What is jet lag?
Jet lag (or desynchronosis) is a temporary disorder that happens when you travel across two or more time zones on long-haul flights and your circadian rhythm is disturbed. Your circadian rhythm, a.k.a. body clock, is the 24-hour cycle that signals your body when it should eat, sleep, or wake up.
Your circadian rhythm is tuned to the time zone of home, so when you catch a flight at 00:10 in Nairobi on 1 January, fly for 23 hours, and land in New York at 16:00 the same day, your body is not going to know what on earth is going on. Your brain will understand the time shift and be eager to explore, but your body will think it is 23:00 and be ready for bed.
This state of confusion and disruption is jet lag.
What is the feeling of jet lag?
Jet lag symptoms vary from person to person. You may step off a 20-hour flight and feel just fine but your travel partner may feel terrible. The intensity of jet lag is also influenced by the length of the flight and direction you are travelling – jet lag is usually worse when flying east.
If you are travelling from Mombasa to Istanbul, you will not cross any time zones and will be travelling north, so you might experience slight jet lag. But if you are travelling from Mombasa to Tokyo, you will be crossing multiple time zones and travelling east, so the jet lag is likely to be more intense.
Some of the most common symptoms are:
- Tiredness and fatigue
- Constipation or diarrhea
Is jet lag worse going east or west?
Most travellers find that travelling east causes more severe jet lag. The reason for this is because flying west adds hours to the day and gives your body time to adjust to the shifting time zones, but when you travel east you lose hours and your body doesn’t have enough time to adjust to the changes.
Note: Jet lag only happens when you travel from east to west or west to east and cross more than one time zone. You may feel tired after a flight to Athens or Moscow, but you won’t experience jet lag.
How long does it take to recover from jet lag?
As a rule of thumb, experts say it can take up to a day for every time zone crossed. So, if you travel from Kenya to Brazil it could take up to six days for your body to adapt to the local time. But in reality, everyone is different and some people may recover more quickly than others.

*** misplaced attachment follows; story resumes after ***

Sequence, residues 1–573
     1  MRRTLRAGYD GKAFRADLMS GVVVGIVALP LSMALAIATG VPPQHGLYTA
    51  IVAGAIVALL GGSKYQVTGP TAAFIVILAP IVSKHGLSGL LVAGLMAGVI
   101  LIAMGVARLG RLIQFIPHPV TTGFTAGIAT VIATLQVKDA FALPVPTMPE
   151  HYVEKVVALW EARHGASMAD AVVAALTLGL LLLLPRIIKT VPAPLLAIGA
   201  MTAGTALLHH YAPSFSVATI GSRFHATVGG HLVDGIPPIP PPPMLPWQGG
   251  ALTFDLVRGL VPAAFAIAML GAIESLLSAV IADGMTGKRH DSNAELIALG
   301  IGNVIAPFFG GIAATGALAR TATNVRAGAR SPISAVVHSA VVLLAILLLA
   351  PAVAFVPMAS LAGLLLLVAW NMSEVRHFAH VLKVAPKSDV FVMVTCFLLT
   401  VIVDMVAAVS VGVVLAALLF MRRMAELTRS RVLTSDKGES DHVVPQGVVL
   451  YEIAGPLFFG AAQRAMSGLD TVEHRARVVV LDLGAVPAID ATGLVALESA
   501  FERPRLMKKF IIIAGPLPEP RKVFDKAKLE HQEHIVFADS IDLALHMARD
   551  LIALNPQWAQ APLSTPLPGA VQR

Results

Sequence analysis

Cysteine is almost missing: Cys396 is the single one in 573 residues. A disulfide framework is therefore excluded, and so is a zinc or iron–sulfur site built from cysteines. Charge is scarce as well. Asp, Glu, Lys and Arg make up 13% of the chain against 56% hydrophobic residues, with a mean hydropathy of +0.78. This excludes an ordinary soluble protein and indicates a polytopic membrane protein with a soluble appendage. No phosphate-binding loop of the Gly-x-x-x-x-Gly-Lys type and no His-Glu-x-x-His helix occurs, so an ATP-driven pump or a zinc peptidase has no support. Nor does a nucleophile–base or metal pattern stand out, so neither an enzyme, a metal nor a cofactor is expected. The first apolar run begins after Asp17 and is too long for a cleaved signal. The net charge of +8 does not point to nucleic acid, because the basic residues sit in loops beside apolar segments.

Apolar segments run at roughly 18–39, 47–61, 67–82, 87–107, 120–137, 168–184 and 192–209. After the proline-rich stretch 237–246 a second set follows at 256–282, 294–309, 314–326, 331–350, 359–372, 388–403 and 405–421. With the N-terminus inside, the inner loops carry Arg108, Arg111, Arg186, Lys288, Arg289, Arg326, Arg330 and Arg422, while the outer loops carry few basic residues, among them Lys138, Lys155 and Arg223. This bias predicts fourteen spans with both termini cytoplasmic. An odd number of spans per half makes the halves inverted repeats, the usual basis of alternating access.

The intensity of jet lag can also be influenced by your age, state of health, and stress levels. A 40-year-old adult with a stressful lifestyle will have a much harder time adapting than a carefree teenager or child.
How do you avoid jet lag?
Unfortunately, jet lag is pretty much inevitable on a long-haul flight that crosses multiple time zones. Your body needs time to adjust to the new time zone and that can only happen once you have arrived.
Fortunately, there are a number of things you can do before, during, and after your flight to reduce the effects of jet lag. Remedies range from eating cherries to getting outside in the sunshine.
Here are some tried and tested ways to lessen the effects of jet lag:
Before your flight
- Adjust your sleeping habits. If you are flying eastward, try getting up earlier and going to bed earlier the week leading up to your flight. And if you are travelling westward, try getting up later and going to bed later. This will help your body prepare for the time zone change.
- Be strategic about your flight. Try and book a flight that coincides with your normal sleeping patterns. If you arrive in the late afternoon or early evening, you will only have a few hours to kill before bedtime. You should book an overnight flight if you want to sleep on the plane.